“Soon, they’ll find out I’m a phony.”
“Closing that deal was sheer luck!”
“I didn’t do anything to deserve that promotion.”
“They only hired me because there weren’t enough qualified applications.”
“If somebody notices this mistake, they’ll fire me.”
Do these thoughts sound familiar? Self-doubt is human, but up to 70% of all people will suffer from imposter syndrome at least once in their life according to a paper published in The International Journal of Behavioral Science. For some, it will turn into a permanent condition.
What is imposter syndrome?
First defined in 1978 by psychologists Pauline Rose Clance and Suzanne Imes, the term imposter syndrome describes a state in which people suffer from intense doubts regarding their capabilities. They feel like “frauds” who are one step away from being found out. People from all walks of life can suffer from imposter syndrome and it can affect more than just your job. The syndrome’s extent and symptoms vary depending on age, gender, ethnicity and cultural background.
Negative experiences in previous jobs, such as being fired, or even a generally bad economic situation, can heighten insecurities that come with imposter syndrome.
The impacts of imposter syndrome
Now that you know the definition of imposter syndrome, you might think it’s unavoidable, almost a “side effect” of life. However, and especially if it’s reoccurring, it can have a severe impact on your overall life quality.
People who feel like they are never good enough tend to work long hours and obsess over the smallest details. When they do well, it seems to them that the only reason for their success is their disproportionate work – a vicious circle that can soon lead to burnout.
If you believe you don’t have what it takes to perform a task successfully, you might postpone it until you end up short of time or even miss deadlines. That way, the imposter syndrome can turn into a self-fulfilling prophecy.
The fear of being “found out” could lead to constant attempts of pleasing managers and colleagues instead of being frank with their genuine opinion, which only reinforces their feeling of being “fake”.
A pronounced lack of self-esteem is the consequence of thoughts like “I faked my way into this job.” This can have direct implications for your work. In some fields, such as sales, it is often crucial to radiate self-confidence when you communicate with (potential) customers. Otherwise, you might lack persuasiveness. “Fake it till you make it” might help you for some time, but will exhaust you in the long run. Finally, constant self-doubts can prevent you from taking on new challenges and developing professionally.
Overcoming imposter syndrome
The bad news: If you are suffering from a severe case of imposter syndrome, it just might be part of your life. The good news: you can learn to recognize it, react accordingly and, ultimately, reduce its effects significantly.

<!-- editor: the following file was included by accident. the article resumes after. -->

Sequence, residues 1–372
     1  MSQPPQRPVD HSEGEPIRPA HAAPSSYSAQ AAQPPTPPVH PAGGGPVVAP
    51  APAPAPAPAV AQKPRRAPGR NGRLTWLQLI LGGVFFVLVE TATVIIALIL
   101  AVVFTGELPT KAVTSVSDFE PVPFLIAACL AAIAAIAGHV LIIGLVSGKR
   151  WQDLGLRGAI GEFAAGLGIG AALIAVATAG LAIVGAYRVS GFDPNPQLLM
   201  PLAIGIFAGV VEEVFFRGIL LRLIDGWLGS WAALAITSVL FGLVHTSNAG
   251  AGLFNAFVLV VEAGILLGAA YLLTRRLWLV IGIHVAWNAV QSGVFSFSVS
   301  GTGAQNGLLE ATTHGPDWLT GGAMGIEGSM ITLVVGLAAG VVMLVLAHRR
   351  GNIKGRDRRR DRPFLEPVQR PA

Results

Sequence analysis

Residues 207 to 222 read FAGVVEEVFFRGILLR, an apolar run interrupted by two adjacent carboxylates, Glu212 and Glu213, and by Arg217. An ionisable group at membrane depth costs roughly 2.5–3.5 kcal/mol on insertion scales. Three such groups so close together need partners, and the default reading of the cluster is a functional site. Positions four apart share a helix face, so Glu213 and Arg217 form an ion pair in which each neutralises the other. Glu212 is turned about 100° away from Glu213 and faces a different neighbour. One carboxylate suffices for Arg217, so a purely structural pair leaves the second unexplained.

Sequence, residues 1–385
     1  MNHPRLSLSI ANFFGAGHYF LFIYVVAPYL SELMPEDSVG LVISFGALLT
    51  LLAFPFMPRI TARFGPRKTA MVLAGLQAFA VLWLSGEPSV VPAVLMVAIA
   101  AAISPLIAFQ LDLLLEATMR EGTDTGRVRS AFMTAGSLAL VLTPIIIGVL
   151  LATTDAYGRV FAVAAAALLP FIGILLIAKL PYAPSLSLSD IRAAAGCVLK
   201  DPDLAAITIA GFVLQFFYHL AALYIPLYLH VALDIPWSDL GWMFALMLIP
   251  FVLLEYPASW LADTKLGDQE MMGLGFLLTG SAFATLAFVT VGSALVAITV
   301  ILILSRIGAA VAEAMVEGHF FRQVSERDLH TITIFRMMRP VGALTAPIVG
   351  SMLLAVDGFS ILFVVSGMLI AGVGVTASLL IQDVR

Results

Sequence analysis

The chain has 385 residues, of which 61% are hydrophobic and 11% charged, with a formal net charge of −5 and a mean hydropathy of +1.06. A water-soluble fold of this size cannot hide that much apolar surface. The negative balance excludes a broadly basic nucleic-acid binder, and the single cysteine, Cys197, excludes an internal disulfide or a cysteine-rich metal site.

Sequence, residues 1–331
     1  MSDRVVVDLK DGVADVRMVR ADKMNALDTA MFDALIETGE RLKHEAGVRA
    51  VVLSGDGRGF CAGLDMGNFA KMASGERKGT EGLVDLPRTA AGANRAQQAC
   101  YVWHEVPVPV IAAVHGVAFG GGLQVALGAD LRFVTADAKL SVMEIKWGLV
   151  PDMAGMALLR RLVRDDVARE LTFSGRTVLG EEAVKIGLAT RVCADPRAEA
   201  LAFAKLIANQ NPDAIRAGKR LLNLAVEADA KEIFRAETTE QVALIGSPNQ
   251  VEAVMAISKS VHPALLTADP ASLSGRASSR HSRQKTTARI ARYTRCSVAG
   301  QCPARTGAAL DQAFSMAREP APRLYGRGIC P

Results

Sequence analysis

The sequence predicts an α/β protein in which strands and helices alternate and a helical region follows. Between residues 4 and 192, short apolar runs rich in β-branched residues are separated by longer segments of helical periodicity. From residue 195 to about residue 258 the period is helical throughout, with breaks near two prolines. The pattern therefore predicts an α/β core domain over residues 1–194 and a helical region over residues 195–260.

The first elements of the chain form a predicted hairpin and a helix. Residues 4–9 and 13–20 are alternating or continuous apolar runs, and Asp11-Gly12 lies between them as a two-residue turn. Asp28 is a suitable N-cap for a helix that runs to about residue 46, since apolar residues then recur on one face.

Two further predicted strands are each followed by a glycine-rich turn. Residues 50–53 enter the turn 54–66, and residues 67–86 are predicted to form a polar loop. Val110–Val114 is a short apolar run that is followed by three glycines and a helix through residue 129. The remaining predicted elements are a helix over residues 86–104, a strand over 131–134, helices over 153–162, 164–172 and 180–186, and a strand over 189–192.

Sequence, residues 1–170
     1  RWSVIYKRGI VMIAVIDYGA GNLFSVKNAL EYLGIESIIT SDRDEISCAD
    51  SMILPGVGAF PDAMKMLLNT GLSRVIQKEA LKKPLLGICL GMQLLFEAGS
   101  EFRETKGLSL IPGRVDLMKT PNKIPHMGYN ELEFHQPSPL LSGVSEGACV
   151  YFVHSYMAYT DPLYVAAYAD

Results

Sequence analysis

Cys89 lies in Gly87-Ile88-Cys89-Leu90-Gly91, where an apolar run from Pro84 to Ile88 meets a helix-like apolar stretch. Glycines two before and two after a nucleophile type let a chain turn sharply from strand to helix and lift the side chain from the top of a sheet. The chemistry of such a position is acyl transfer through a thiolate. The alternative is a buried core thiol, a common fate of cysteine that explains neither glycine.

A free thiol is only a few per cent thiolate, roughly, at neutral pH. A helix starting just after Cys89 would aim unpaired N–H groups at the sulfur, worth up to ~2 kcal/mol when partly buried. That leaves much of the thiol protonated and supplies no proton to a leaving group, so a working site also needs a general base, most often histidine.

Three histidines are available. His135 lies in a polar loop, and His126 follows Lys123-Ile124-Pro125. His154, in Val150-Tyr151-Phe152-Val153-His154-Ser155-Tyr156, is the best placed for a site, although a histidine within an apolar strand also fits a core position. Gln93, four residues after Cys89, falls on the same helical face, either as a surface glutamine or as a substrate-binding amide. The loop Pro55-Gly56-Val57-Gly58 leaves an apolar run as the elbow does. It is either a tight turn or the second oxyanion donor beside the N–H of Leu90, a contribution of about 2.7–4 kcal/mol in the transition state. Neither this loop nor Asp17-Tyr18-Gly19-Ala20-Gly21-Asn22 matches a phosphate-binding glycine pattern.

What causes your fears?
The next time you recognize a thought like “I am not qualified to do this” try creating a distance between yourself and these thoughts. Not everything you’re thinking is true! Don’t get carried away by a flood of negative thoughts. Instead, tell yourself: “Alright, this is an interesting/strange/weird thought! Where does it come from?” By practicing this form of mindful distancing, you will be more capable of getting to the root of your worries.
Be aware of what you’ve achieved
It is easy to forget about previous successes, which is why you should keep them in mind. The best way to do this is to write your successes down in a notebook, on your phone or wherever is most convenient for you. Checking your CRM might help as well. How many deals have you closed during the last months? How many prospects have you turned into new customers? How much money have you made for your company? If you are working with Pipedrive's Goals feature, it should be easy to check where you stand in relation to your goals. Try to plan a regular check-in with yourself to “celebrate” your achievements.
Talk to friends
Turn to some of your more empathic friends and voice your concerns. Often enough, verbalizing your fears is enough to put them into perspective and a good little rant can help you let off some of the pressure. Maybe your friends have even had similar experiences and can share some of their strategies with you.
Talk to your manager
This next piece of advice depends on how close you feel to your manager. If you’ve worked with your manager for a while, you can probably assess how they will react to this topic. If you have a good relationship, try talking to them about your concern openly. If you prefer not to, it might be helpful to ask for (regular) feedback.
During the feedback sessions if you receive praise try to accept and internalize it. Don’t push it aside thinking “They were just nice”. Furthermore, if you receive constructive criticism, try to see it as an opportunity to grow, not as proof of your perceived incompetence.
Keep in mind that the people who hired you are professional in their field and know what skills are needed to perform your job. Wouldn’t it be unfair to doubt their competence by assuming you were able to cheat your way into the company?
Do you often start sentences with “I feel like...” or “Maybe it’s just me, but…”? Believe it or not, but doing so directly impacts your self-esteem. Use language that reflects confidence and you will soon see how it is affecting you.